Situated beneath the town’s mascot Tilly, Asbury Park’s Wonderbar is a favorite venue for locals and benny’s as well (that’s a tourist for those of you not in the know). As with the rest of the shore town, it’s got a not so secret soft spot for The Boss, but lately it’s been playing host to new acts that are just as talented. Tonight its guests are Brian Marquis and the rest of the Acoustic Basement Tour. Before the show I met up with Brian and discussed his upcoming album, the current state of Warped Tour and a some Jersey Legends.
Infectious Magazine: So, first things first, you’ve got a new album coming out. What should we expect?
Brian Marquis: It’s going to be a lot more full band stuff. Recording wise, I wanted to do a lot more textures and a lot of things I couldn’t do on my own. So I’ve got a drummer and a lot of other people to play on it. Since it’s full band it’s got some piano on a few songs, some keyboards, some banjo and upright bass, a regular drumset and hand percussion. Just a lot of stuff.
IM: Do you think that will translate well to the Acoustic Basement Warped Tour Stage?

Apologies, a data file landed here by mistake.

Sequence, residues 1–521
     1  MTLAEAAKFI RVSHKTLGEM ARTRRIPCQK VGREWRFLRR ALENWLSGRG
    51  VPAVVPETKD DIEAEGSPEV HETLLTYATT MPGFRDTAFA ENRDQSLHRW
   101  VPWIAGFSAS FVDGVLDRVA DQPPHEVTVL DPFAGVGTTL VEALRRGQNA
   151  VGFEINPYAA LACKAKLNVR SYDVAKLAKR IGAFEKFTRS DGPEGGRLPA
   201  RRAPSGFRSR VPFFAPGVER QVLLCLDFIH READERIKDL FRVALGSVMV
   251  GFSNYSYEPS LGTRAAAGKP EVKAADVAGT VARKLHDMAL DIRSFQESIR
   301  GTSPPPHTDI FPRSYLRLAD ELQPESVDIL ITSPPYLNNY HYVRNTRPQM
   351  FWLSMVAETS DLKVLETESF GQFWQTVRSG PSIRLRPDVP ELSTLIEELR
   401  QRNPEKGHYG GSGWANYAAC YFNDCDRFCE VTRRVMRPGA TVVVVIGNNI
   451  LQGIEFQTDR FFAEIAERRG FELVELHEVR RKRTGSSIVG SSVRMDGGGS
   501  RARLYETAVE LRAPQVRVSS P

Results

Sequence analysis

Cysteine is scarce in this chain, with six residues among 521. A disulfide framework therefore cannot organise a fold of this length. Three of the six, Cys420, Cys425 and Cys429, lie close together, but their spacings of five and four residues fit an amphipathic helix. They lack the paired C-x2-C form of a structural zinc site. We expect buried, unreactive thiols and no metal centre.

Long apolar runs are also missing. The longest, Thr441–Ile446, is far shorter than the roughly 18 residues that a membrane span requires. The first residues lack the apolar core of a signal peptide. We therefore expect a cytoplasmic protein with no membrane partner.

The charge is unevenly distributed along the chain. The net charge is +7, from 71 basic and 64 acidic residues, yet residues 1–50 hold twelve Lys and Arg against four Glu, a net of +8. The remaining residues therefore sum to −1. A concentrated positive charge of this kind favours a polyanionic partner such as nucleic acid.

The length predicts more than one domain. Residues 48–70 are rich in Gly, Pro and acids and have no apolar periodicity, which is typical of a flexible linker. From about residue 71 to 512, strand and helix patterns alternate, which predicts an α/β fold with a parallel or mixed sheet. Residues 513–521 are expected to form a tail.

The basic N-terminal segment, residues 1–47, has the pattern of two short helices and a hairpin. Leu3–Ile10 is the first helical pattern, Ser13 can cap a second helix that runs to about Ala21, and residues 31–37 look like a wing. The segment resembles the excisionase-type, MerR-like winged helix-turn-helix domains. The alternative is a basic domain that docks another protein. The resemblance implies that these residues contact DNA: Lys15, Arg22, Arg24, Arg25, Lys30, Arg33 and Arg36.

BM: I think so. I write all my songs to exist in their most bare form. I write it in that way so it can be expanded upon, but its not like it’s written as a full band song so when you take all that away it’s not as good or doesn’t work. You have to write it the other way around. I wrote a lot of upbeat tunes on this record as well as some nice mid tempo and slower songs. A lot of upbeat, grab your attention sort of songs so that’s more Warped Tour kind of stuff.
IM: So we’re seeing a lot of guys from punk bands or like Dave Hause or Chuck Ragan take on solo acts like The Revival Tour or other more folk like endeavors. You yourself have sited Dallas Green as inspiration for breaking off on your own. Do you see that folk revivial movement as a lasting trend?